The bare, pine-paneled bedroom in St. Casimir’s rectory remains frozen in time, to an August day and two nights in 1976.
A plain white spread covers the bed. A cross hangs on the wall next to a picture of Madonna and child. Long drapes touch the floor, parted and offering a view of the tall pines that stand between St. Casimir’s rectory and the neighborhood.
The bedroom is where Cardinal Karol Wojtyla slept two nights when he visited Buffalo 38 years ago.
Much has changed in the world since then. Poland is no longer under communist rule. The cardinal became Pope John Paul II, and Pope John Paul II now has become a saint in the Roman Catholic Church.
But the bedroom at St. Casimir’s in Buffalo’s Kaisertown stays the same. It has become like a museum, soon to open.
Many Buffalo Catholics feel especially close to John Paul II, in part because of his Polish birth and the large Polish population of this community, and also because of his visit to Buffalo. So the faithful have saved and preserved their connections to him and now want to share that with others.
That is why St. Casimir’s is offering to visitors and pilgrims public viewing of the bedroom suite where he once slept.
In addition, St. Stanislaus Church on the East Side has a certified relic, a drop of John Paul’s blood on a bit of cloth now at the center of a golden cross.
The bedroom suite at St. Casimir’s now includes a “Papal Post-It Prayer Room,” which opens today. Brightly colored Post-Its are present for people to write their prayers and stick them to the wall next to a life-size photo of Karol Wojtyla as a cardinal in red robes.
“Saint John Paul II, protect our diocese ...” read a single yellow paper on the wall last week.
Bishop Richard Malone, who was invited to post the first prayer, penned it.
The Rev. Czeslaw Krysa, St. Casimir’s rector, explained why the parish is opening the room.
“He came to us. Now we want to introduce him to others,” the Niagara Falls native explained. “He left a little bit of himself.”
Wojtyla stayed at St. Casimir’s rectory because the former pastor, the late Monsignor Ed Kazmierczak, was president of the Polish-American Priests Association.
The International Eucharistic Congress was held that summer in Philadelphia, and the priests’ organization arranged for the Polish visitors to tour cities like Detroit, Chicago and Buffalo, which held large concentrations of Polish-Americans.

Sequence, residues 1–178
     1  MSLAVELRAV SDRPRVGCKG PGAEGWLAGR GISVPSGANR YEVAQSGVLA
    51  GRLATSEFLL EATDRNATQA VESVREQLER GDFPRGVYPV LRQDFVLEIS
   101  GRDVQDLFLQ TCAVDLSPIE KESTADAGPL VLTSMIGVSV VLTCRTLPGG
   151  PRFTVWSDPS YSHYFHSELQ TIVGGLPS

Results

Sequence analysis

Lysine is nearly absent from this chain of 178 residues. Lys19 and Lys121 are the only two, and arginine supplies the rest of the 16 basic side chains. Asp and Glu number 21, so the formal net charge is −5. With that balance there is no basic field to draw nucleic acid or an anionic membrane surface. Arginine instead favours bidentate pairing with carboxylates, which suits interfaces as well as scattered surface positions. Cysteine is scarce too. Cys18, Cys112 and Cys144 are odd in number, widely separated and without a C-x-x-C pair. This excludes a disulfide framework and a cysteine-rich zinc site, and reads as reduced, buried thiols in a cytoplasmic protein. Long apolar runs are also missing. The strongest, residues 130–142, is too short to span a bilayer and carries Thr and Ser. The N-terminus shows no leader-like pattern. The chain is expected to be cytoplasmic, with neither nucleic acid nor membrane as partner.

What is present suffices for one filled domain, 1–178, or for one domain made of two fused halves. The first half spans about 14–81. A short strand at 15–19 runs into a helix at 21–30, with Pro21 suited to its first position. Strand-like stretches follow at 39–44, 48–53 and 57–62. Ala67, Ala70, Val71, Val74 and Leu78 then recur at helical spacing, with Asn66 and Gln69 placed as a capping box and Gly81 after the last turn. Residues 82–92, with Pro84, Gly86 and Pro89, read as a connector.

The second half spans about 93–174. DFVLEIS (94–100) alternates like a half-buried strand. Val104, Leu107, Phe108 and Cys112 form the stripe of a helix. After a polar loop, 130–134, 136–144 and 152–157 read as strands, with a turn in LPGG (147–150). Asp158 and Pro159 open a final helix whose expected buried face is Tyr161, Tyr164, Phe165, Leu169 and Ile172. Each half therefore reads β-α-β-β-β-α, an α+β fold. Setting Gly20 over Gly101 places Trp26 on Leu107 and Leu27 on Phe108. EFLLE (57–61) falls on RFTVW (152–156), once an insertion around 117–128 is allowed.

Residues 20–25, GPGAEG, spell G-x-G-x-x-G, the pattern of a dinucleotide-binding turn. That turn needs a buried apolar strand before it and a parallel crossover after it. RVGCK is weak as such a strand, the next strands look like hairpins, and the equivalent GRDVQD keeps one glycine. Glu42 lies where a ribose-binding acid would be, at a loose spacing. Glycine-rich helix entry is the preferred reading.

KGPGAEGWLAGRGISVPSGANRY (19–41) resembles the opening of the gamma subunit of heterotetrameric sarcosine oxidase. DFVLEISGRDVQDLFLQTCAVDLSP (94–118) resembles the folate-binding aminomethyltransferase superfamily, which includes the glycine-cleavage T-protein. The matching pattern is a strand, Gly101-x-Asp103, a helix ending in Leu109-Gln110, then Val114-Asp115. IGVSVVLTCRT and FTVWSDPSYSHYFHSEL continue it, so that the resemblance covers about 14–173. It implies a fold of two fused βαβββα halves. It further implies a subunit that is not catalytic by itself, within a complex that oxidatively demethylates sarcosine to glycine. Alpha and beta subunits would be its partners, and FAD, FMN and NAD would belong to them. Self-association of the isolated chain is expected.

Krysa said he was a young seminarian when Wojtyla and 18 visiting bishops stopped to sightsee at the falls. Krysa was standing by the observation tower at the falls when he approached the cardinal and kissed his ring.
“Then he came back to me, grabbed me by the arm and said, ‘What kind of community is this?’ ”
He remembers telling the cardinal that there were Polish Masses and traditions were kept.
“He was very impressed,” recalled Krysa, who has led St. Casimir for the last three years.
Krysa and parishioners began fixing up the bedroom suite last fall for the anniversary of Wojtyla’s election to the papacy. “He lives on with us,” Krysa said. “Now being a saint, he also can help us.”
Believers can petition St. John Paul II for help with requests like health, job searches, safe travels and for his specialty of dealing with Parkinson’s, a disease the pope had.
At St. Stanislaus, the Rev. Thaddeus “Ted” Bocianowski three years ago obtained a snip of bloodied cloth the size of a pencil eraser tip after asking the pope’s former secretary for something that belonged to John Paul II.
Bocianowski said he got to know Wojtyla in Poland when Bocianowski was going to seminary in the 1960s. At that time, Wojtyla was archbishop of Krakow and a professor who went to student theological conferences.
“I grew up with him,” said Bocianowski, in Polish-accented English.
In 2000, when Bocianowski made a trip to the Vatican and spoke with John Paul II, the pope made a point of fondly mentioning Bocianowski’s adopted American home.
“I remember Buffalo,” John Paul II said as he grabbed Bocianowski’s hands. “Say, ‘hello’ to them. And I pray for them.”
While he’s been keeping the relic in a locked altar box, he wants to add a spot for it at the base of a glistening statue of John Paul set closer to the pews.
“You can pray to him for many graces,” Bocianowski said. “It’s easier if I have something from him.”
On an afternoon last week, one of St. Casimir’s longtime parishioners stepped through the second-floor pastor’s rooms, the private quarters where the cardinal had slept, and recalled his visit long ago.
Pat Mazurek had stood across the street on her porch when Wojtyla and the bishops headed to church in procession on that August day 38 years ago.
She remembers the details of the day. Everybody who was anybody in the Polish community was there. Her mother, now 101, stood on the porch beside her, ecstatic.
The cardinal smiled, waved and stopped to talk. St. Casimir was filled for his Mass. Mazurek didn’t go in, but from her spot behind the porch rail, she had an excellent view.
“He was the kind you’d want to take and just hug him and say, ‘Let us help you,’ ” Mazurek said.
As she stood last week in the bedroom where he slept, she thought the room suited him.
“It’s plain and simple, the way the pope appeared to be,” she said. “...You can just picture him in here.”